6:07 p.m.
Sen. Thom Tillis, R-NC, criticized the updated mask guidance from the Centers for Disease Control and Prevention for Americans who have already been vaccinated, saying the flip=flop could increase vaccine hesitancy.

“Since last year, I’ve been telling North Carolinians that vaccines are the most effective tool we have to return to life as normal and the scientific data has shown that to be true, with 94% of North Carolina cases and 97% of all U.S. hospitalizations occurring among the unvaccinated population,” Tillis said. “I am deeply concerned that the Biden administration’s contradictory decision will cause even more vaccine hesitancy, giving many Americans the false impression that the vaccines are not as effective as they were originally told. The data shows that fully vaccinated Americans are at a very low risk of a breakthrough infection and are at an incredibly low risk of serious complications. The promise of the vaccine was to protect Americans from the worst outcomes and allow them to return to life as normal. Now many local and state governments across the nation are bound to reimplement restrictions and mask mandates, even for Americans who are fully vaccinated.”

The CCD reversed course Tuesday on some masking guidelines, recommending that even vaccinated people return to wearing masks indoors in parts of the U.S. where the coronavirus is surging.

Citing new information about the ability of the delta variant to spread among vaccinated people, the CDC also recommended indoor masks for all teachers, staff, students and visitors to schools, regardless of vaccination status.

“The Biden administration apparently doesn’t trust the science, and they clearly don’t trust the American people to take personal responsibility for their own choices,” Tillis said.

5:45 p.m.
The CDC late Tuesday issued a health alert to doctors on the need to increase vaccinations “to prevent surges in new infections” that could “overwhelm healthcare capacity” and increase death toll.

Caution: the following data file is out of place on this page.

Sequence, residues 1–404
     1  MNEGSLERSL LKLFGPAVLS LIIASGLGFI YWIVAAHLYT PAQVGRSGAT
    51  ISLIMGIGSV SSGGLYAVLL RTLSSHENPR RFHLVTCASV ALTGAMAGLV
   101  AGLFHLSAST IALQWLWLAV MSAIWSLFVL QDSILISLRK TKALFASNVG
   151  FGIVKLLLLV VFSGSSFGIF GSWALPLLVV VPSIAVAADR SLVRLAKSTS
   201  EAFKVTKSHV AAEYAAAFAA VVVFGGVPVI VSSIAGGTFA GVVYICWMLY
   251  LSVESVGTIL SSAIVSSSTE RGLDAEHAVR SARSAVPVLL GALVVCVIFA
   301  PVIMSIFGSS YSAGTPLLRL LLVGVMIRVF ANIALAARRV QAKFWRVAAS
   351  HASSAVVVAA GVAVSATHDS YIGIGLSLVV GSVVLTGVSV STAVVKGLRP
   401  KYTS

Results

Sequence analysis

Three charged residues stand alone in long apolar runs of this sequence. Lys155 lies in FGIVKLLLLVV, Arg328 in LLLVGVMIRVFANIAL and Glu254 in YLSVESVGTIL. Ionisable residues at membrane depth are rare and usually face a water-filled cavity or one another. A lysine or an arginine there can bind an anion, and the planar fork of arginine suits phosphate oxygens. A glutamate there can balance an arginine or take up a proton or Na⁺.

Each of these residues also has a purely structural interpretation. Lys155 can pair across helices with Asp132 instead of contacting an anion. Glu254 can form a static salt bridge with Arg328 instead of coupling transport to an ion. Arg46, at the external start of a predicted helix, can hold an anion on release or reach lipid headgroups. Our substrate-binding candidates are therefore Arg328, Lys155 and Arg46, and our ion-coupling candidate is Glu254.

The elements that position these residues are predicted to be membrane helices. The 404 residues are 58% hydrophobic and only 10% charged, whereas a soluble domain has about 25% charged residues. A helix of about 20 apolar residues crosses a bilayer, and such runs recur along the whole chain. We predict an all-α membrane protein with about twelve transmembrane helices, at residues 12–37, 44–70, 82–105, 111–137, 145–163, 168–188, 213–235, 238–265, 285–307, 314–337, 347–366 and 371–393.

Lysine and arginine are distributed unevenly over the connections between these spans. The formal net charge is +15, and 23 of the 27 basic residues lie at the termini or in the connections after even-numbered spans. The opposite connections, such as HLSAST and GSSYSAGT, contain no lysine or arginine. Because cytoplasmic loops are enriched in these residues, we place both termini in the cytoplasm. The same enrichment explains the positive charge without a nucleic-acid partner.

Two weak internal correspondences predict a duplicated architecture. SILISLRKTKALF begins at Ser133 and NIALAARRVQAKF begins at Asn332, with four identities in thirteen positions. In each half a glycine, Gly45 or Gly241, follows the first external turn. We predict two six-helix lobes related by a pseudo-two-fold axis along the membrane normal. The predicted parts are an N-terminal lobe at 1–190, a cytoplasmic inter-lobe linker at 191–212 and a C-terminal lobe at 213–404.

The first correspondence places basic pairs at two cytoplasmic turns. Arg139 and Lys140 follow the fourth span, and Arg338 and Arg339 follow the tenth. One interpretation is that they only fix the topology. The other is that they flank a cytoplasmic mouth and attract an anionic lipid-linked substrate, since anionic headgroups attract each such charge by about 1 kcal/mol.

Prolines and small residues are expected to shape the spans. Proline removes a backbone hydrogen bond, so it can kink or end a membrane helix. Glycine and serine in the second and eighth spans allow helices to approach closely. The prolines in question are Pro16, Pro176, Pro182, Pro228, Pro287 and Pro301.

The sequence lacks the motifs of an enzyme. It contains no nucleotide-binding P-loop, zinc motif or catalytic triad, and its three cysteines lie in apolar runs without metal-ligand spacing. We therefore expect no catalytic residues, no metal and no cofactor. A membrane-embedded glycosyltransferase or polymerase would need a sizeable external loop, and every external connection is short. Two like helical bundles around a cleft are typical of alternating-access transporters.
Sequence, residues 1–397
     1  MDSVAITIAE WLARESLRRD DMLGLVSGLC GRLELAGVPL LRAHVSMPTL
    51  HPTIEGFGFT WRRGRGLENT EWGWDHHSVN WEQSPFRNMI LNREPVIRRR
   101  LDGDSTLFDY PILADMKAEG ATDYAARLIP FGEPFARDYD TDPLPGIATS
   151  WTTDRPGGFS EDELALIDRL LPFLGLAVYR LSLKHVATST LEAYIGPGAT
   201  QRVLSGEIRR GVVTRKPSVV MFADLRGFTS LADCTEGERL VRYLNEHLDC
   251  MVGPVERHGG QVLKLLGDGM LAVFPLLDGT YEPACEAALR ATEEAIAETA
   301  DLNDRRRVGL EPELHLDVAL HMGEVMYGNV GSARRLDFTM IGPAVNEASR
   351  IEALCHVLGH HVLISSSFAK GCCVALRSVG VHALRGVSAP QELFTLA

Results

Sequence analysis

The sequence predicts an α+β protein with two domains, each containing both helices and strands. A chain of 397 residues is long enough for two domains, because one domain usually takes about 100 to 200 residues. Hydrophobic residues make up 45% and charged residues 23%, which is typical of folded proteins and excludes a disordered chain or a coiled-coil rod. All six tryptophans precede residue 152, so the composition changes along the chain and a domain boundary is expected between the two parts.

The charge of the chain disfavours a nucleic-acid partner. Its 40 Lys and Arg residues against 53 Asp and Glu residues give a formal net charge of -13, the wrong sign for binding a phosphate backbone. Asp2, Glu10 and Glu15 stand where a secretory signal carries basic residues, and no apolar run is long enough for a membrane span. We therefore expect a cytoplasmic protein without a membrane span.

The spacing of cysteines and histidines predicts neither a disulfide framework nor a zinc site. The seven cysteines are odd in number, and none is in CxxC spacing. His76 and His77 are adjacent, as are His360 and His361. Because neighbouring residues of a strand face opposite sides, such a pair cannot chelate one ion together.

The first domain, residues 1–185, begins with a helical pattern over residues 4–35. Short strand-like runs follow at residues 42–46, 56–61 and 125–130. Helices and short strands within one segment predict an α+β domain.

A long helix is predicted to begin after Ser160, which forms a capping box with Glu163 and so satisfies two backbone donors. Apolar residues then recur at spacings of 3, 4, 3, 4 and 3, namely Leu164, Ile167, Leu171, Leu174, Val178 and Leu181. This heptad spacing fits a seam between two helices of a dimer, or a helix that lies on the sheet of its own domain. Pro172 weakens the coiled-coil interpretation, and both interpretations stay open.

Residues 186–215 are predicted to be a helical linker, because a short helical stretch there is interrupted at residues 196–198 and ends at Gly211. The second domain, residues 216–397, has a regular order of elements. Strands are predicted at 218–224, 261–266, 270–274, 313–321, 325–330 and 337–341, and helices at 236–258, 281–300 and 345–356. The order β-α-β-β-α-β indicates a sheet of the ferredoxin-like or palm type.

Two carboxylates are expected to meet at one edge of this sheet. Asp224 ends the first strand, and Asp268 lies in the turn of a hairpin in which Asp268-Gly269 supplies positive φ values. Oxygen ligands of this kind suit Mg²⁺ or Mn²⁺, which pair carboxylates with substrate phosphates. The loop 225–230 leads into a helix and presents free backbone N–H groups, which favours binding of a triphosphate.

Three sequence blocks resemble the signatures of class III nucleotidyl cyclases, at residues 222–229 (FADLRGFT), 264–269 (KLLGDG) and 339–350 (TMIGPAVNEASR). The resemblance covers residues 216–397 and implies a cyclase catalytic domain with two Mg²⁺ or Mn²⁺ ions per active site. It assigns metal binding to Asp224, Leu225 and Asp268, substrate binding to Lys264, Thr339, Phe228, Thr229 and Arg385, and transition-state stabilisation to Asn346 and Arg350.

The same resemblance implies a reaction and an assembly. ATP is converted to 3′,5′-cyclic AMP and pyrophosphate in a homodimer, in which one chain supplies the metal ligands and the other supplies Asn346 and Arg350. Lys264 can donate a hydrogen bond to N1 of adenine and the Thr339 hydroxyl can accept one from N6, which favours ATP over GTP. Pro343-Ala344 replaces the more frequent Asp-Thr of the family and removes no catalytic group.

“The Centers for Disease Control and Prevention (CDC) is issuing this Health Alert Network Health Advisory to notify public health practitioners and clinicians about the urgent need to increase COVID-19 vaccination coverage (i.e., the percentage of the population fully vaccinated) across the United States to prevent surges in new infections that could increase COVID-19 related morbidity and mortality, overwhelm healthcare capacity, and widen existing COVID-19-related health disparities,” it said.

4 p.m.
The Centers for Disease Control and Prevention reversed course Tuesday on some masking guidelines, recommending that even vaccinated people return to wearing masks indoors in parts of the U.S. where the coronavirus is surging.

Citing new information about the ability of the delta variant to spread among vaccinated people, the CDC also recommended indoor masks for all teachers, staff, students and visitors to schools, regardless of vaccination status.

Many counties in North Carolina have high levels of community transmission, according to the CDC.

Q&A: What the CDC mask guidance change means for you

3:30 p.m.
Gov. Roy Cooper’s office issued a reaction after the CDC reversed course on mask quidance.

“The more contagious Delta variant that is spreading almost entirely among unvaccinated people is concerning. The COVID-19 vaccines remain safe and effective in combatting this virus, and they are the best weapon we have to fight the Delta variant or other strains. Most all of the people getting sick and dying now are unvaccinated and that is why the Governor is pulling out all the stops to get as many people as possible to get their shots. The Governor and state health officials will review changes to CDC guidance and he strongly encourages schools and businesses to enact important safety precautions and unvaccinated people to wear masks until they get their shots,” said Mary Scott Winstead, Deputy Communications Director for Cooper’s office.

Senator Thom Tillis issued the following statement:
“Since last year, I’ve been telling North Carolinians that vaccines are the most effective tool we have to return to life as normal and the scientific data has shown that to be true, with 94% of North Carolina cases and 97% of all U.S. hospitalizations occurring among the unvaccinated population.